The methods of growing sugarcane and processing sugar were technologies transferred to China from India in the 7th century, during the reign of Harsha (r. 606–647) over North India and the reign of Emperor Taizong (r. 626–649) over Tang China.Sen, Tansen. (2003). "Buddhism, Diplomacy, and Trade: The Realignment of Sino-Indian Relations, 600–1400". Manoa: Asian Interactions and Comparisons, a joint publication of the University of Hawaii Press and the Association for Asian Studies. ISBN 0824825934. Pages 38–40.] Two sugar makers summoned from leaders of Mahabodhi Temple traveled alongside a delegation of Buddhist monks to China, where they successfully taught the Chinese how to grow sugarcane and produce sugar.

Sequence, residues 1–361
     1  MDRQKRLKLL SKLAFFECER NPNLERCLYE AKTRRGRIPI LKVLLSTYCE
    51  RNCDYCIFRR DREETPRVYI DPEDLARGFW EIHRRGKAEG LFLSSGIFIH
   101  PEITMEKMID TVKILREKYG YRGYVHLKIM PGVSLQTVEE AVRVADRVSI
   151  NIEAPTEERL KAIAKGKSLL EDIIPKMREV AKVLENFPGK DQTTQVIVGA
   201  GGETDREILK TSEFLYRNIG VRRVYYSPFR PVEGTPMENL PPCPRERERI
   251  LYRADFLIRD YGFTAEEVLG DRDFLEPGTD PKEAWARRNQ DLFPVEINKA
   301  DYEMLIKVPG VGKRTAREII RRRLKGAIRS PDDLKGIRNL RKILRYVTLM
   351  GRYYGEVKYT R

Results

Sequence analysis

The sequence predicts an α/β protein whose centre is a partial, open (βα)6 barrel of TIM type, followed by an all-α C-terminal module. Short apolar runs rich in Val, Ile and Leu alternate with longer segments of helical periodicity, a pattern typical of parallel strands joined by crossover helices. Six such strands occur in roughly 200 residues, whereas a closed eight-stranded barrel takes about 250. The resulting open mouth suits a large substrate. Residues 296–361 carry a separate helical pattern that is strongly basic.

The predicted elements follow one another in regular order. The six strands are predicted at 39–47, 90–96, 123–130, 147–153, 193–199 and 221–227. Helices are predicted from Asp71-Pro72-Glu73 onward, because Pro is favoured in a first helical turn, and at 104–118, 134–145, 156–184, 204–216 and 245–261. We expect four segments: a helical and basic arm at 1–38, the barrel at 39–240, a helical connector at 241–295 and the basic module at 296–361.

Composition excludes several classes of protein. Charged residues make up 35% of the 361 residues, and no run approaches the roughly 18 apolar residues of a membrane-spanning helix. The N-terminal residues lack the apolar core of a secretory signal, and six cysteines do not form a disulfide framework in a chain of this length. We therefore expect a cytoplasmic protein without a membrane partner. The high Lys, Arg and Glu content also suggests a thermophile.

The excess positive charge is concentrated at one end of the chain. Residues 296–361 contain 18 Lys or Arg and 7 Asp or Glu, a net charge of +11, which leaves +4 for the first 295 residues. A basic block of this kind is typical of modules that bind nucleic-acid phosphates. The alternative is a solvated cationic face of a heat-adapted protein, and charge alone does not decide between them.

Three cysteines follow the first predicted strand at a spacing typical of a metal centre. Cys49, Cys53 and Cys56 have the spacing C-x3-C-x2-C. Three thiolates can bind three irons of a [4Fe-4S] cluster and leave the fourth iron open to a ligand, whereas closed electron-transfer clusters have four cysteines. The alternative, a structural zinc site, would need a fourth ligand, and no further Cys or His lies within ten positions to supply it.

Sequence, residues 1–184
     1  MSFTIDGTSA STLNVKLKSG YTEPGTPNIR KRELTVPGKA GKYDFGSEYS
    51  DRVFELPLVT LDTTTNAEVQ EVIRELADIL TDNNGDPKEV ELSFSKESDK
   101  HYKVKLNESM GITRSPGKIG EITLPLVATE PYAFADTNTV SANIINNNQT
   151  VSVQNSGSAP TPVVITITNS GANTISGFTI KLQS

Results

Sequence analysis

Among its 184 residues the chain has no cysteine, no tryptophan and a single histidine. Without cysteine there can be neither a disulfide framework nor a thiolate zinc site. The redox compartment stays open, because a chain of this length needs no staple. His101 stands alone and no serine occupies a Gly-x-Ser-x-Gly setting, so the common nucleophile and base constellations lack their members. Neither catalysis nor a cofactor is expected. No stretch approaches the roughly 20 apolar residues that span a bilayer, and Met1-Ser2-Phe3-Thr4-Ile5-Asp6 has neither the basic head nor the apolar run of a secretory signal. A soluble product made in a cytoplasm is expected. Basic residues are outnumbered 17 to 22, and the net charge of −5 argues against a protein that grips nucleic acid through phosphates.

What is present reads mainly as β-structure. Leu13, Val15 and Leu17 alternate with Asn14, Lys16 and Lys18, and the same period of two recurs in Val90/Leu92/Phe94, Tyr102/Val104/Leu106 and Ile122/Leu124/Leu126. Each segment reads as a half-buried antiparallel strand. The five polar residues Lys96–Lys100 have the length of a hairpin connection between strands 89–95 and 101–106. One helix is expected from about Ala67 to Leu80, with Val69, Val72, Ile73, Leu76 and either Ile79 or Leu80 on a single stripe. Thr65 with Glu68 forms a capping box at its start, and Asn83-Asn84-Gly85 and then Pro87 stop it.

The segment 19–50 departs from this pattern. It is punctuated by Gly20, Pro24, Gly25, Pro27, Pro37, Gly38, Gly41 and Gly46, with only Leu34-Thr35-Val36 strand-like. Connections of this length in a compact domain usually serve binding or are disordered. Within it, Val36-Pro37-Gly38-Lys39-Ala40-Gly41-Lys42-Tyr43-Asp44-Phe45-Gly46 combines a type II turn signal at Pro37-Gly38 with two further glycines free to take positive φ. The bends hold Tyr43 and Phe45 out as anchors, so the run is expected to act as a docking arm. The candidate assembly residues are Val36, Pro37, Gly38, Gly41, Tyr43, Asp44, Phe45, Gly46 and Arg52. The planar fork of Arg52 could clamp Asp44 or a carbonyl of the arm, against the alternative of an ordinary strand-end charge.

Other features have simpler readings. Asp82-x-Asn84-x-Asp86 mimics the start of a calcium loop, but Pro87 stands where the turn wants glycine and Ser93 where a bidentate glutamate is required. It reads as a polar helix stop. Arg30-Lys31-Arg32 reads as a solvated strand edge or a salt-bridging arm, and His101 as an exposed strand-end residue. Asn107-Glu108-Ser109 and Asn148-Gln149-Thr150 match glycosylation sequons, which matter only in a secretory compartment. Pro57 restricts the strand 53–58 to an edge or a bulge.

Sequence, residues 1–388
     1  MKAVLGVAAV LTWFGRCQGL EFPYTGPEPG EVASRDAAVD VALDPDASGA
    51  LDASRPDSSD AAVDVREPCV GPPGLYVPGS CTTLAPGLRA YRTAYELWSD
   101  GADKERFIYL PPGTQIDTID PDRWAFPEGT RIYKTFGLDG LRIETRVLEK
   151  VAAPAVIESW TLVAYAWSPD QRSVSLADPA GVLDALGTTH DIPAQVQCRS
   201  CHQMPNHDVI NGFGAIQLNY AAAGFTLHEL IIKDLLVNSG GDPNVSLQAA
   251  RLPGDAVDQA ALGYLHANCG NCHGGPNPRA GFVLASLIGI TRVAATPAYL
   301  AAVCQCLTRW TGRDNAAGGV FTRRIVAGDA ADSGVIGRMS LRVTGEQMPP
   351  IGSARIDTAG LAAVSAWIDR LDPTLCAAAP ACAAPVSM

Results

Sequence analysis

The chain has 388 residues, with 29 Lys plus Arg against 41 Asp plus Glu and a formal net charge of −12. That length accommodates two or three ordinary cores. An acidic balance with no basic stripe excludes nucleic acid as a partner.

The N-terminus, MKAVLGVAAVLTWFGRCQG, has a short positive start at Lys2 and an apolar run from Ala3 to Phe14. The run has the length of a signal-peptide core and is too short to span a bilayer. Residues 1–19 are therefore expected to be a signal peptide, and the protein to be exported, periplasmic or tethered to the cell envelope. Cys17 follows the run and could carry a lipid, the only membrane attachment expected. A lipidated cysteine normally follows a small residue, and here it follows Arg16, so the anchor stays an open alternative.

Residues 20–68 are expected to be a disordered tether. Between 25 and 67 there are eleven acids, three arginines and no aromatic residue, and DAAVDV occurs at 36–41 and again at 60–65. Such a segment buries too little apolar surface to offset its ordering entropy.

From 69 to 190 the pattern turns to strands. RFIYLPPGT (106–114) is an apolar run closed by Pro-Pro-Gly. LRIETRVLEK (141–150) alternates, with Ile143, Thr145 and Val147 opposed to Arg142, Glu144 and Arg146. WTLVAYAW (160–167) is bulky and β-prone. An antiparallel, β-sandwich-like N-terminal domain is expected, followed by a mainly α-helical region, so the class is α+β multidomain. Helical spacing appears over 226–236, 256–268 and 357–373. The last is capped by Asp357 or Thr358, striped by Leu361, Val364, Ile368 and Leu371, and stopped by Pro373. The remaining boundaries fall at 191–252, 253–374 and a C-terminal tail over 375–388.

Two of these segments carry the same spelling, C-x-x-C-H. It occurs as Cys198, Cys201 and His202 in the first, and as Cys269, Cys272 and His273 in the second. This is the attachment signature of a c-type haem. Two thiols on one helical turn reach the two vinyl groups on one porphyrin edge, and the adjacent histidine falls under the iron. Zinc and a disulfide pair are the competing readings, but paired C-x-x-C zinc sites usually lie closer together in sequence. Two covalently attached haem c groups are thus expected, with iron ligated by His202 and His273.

A "boiling house" was used in the 17th through 19th centuries to make sugarcane juice into raw sugar. These houses were add-ons to the sugar plantations in the western colonies. This process was often conducted by the African slaves, under very poor conditions. The boiling house was made of cut stone. The furnaces were rectangular boxes of brick or stone with openings near to one side, and at the bottom to stoke the fire and pull out the ashes. At the top of each furnace were up to seven copper kettles or boilers, each one smaller than the previous one and hotter. The cane juice was placed in the first copper kettle which was the largest. The juice was then heated and a little lime added to remove impurities. The juice was then skimmed then channeled to the other copper kettles. The last kettle, which was called the 'teache' was where the cane juice became syrup. It was then put into cooling troughs where the sugar crystals hardened around a sticky core of molasses. The raw sugar was then shoveled from the cooling trough into hogsheads (wooden barrels) where they were put in the curing house.